Spotlight on Law School Innovation: Technology, Experiential Education and the Law School Firm

Yesterday, the National Law Journal featured a special report on law school innovators, including these.

 

Georgetown University Law Center: There's an App for That

Georgetown University Law Center, a new Educating Tomorrow's Lawyers Consortium school, was singled out for a new class it introduced this year: Technology, Innovation and Law Practice – An Experiential Seminar. Students were taught to use technology to make the practice of law more efficient, and they ended the class by creating applications that solved a problem. The winning application helps people living abroad determine if they are U.S. citizens. This class was also covered by Greg Lambert at 3 Geeks and a Law Blog last month and you can learn more in the video below.

 

New ETL Advisory Committee Member Champions Experiential Legal Education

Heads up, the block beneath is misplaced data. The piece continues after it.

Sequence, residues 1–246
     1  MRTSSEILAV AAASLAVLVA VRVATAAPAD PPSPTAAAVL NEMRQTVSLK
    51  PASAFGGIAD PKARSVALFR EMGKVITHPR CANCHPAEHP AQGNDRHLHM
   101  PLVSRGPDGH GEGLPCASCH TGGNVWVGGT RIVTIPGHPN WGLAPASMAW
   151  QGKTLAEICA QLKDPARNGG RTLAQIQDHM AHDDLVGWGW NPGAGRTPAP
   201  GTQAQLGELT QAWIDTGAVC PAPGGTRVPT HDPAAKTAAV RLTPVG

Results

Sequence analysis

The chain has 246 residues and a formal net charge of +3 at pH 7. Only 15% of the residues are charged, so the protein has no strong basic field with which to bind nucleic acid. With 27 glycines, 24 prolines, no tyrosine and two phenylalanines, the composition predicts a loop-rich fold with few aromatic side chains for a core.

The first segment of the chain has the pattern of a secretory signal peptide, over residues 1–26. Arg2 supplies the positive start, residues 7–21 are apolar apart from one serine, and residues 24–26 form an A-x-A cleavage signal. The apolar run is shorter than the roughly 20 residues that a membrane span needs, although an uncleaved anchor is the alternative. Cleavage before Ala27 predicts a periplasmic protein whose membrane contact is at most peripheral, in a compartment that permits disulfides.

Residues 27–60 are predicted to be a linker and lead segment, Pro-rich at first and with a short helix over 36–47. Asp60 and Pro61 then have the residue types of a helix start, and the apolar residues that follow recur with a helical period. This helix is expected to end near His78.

Luke Bierman, Associate Dean for Experiential Education and Distinguished Professor of Practice of Law at Northeastern University School of Law (another Consortium school), is one of our newest advisory committee members. Here, he discusses legal education's past and future, and the role of experiential education.

 

Arizona State Creates “Residency Program” for Recent Law Grads

Last year, we featured a post by Robert J. Rhee, a professor who co-authored “The Law School Firm,” which garnered significant attention from legal educators, practitioners and students.

Professor Borden and I have proposed that the law school firm should provide the necessary training. As we discuss in the article, the law school firm has several attributes: (1) economic sustainability, meaning the law school firm must make revenue that at least meets expenses, (2) senior attorneys who generate business for the firm; (3) practice areas that earn fees sufficient to cover expenses; (4) strict “in and out” fixed duration positions for trainees who are paid low salaries commensurate with their low level of knowledge and skill.

Less than a year later, Arizona State University Sandra Day O'Connor College of Law has announced that it is creating “the first large-scale, nonprofit training law firm affiliated with a law school.” The school plans to launch the firm in 2013.